FUSFSPA was enacted to abrogate the holding of McCarty v. McCarty (1981) 453 U.S. 210 [69 L.Ed.2d 589, 101 S.Ct. 2728]. Subsection (c)(4) was apparently included in the legislation in response to concerns about "forum-shopping" spouses who might seek to divide the military pension in a state lacking substantial contacts with the pensioner. (See H.Conf.Rep. No. 97-749 and Sen.Rep. No. 97-502, 2d Sess., reprinted in 1982 U.S. Code Cong. Admin. News, No. 3, at pp. 1571, 1603-1604, 1635, 1639-1640.)
Unquestionably, the California court had personal jurisdiction over husband in the dissolution action. By bringing the action, he submitted himself to the jurisdiction of the court for the purposes of that proceeding. ( Mikulski v. Mikulski (1969) 2 Cal.App.3d 1047, 1051 [ 83 Cal.Rptr. 15]; Maloney v. Maloney (1944) 67 Cal.App.2d 278, 280 [ 154 P.2d 426].) But after a final judgment is rendered, the court's jurisdiction over the parties or the cause of action ordinarily terminates. (See 2 Witkin, Cal. Procedure (3d ed. 1985) Jurisdiction, § 336, p. 755.)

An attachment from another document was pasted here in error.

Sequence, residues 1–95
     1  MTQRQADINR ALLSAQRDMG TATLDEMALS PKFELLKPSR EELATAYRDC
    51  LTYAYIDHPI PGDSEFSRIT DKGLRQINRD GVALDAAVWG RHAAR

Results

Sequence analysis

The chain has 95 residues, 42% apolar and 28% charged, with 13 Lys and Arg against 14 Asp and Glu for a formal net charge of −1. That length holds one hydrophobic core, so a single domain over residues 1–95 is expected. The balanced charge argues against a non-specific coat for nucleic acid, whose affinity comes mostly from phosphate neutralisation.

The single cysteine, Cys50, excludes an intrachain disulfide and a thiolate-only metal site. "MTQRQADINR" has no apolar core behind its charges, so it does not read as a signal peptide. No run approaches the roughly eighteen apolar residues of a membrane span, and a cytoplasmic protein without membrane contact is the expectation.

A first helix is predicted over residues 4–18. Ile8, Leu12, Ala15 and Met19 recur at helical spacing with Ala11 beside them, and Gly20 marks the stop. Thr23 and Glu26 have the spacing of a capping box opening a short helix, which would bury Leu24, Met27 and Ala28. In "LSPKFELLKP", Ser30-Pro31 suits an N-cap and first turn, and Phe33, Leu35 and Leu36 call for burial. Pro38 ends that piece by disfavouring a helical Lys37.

In matters of child custody, child support or spousal support, the court does retain continuing jurisdiction to modify the awards even if the other spouse is no longer residing in this state. (Code Civ. Proc., § 410.50, subd. (b); Bergan v. Bergan (1981) 114 Cal.App.3d 567, 570 [ 170 Cal.Rptr. 751]; Leverett v. Superior Court (1963) 222 Cal.App.2d 126 [ 34 Cal.Rptr. 784].) Arguing by analogy to those cases, wife contends that California courts have similar continuing jurisdiction to divide the omitted community property. The analogy is inapt. Property rights are not treated in the same manner as continuing custody and support issues. Once a dissolution decree has become final, the court has no further jurisdiction to modify the terms of judgment regarding property rights. ( In re Marriage of Davis (1980) 113 Cal.App.3d 485, 487 [ 169 Cal.Rptr. 863]; Bodle v. Bodle (1978) 76 Cal.App.3d 758, 767 [ 143 Cal.Rptr. 115]; In re Marriage of Cobb (1977) 68 Cal.App.3d 855, 860, fn. 1 [ 137 Cal.Rptr. 670]; see Miller v. Miller (1981) 117 Cal.App.3d 366, 371 [ 172 Cal.Rptr. 745].)